More of the antagonism is actually painted in the OP, with Mayaya going against the chauffeur of Kuranosuke’s father, in a battle of east and west: ‘Bruce Lee’ goes against James Bond. Shu’s fascination with Tsukimi (when she does not hide her beauty) is also lampshaded in the marriage skit while it obviously shows his disdain for Kuranosuke’s cross-dressing. Kuranosuke was also portrayed as the magical Mary Poppins: in the film, she was the problem-solver in a family full of problems, and he seems to be a breath of fresh air not only to Tsukimi, but also to the questionable lifestyle of the Amars. It is undeniable, however, that he has the most effect in Tsukimi.

* * *

It was frankly no surprise to anyone who paid attention to what the meaning of ‘Kuragehime’ was that Tsukimi was a very beautiful girl. The ‘Kuragehime’ portmanteau itself, however, as an aside, aptly and yet paradoxically describes Tsukimi’s person. She is beautiful and a princess in her own right, but she is also an avid appreciator (an otaku) of jellyfish. She is not merely a princess, or merely an otaku: her struggle in the third episode proves that she is both.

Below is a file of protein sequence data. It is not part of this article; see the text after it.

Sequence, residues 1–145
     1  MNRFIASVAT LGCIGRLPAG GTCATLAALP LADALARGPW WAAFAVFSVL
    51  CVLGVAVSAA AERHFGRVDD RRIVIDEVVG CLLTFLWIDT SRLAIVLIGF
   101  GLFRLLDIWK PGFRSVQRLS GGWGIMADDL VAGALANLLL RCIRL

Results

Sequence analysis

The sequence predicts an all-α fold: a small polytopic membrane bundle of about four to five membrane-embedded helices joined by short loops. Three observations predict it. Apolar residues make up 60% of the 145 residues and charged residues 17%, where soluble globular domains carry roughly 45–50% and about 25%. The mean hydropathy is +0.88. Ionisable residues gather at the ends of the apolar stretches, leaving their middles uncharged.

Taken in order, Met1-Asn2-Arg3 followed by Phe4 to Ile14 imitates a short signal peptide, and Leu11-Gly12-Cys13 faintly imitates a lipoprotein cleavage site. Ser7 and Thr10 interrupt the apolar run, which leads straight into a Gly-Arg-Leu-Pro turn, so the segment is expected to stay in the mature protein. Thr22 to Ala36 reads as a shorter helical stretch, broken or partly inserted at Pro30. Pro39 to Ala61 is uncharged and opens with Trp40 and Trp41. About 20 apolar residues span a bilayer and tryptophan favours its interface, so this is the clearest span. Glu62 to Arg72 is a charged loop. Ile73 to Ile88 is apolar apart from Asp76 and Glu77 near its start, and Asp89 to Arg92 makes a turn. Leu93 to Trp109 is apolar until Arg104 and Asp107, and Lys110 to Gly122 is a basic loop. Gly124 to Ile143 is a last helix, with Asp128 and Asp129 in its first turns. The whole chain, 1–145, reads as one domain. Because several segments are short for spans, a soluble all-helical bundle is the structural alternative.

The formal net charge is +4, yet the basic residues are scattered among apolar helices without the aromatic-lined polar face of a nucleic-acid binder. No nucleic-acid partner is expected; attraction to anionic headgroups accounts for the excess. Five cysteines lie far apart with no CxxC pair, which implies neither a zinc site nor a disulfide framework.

She really is beautiful.

A lot of beautiful women are accented by make-up. Some actually seem ordinary when they aren’t dolled up or on camera, and this is especially true of some actresses. Tsukimi, however, was already beautiful even without make-up. She may have professed loyalty to the Amars but it was quite obvious that she wasn’t as ugly (or egregious) as Banba, Chieko, and Mayaya. In fact, she dressed simply because she wanted her milieu to correspond with her lifestyle, which was solitary and withdrawn. This was no doubt because of the early passage of her mother, but one would have already noticed that her mother was a beauty with her short appearances in the first episode. The apple rarely falls far from the tree.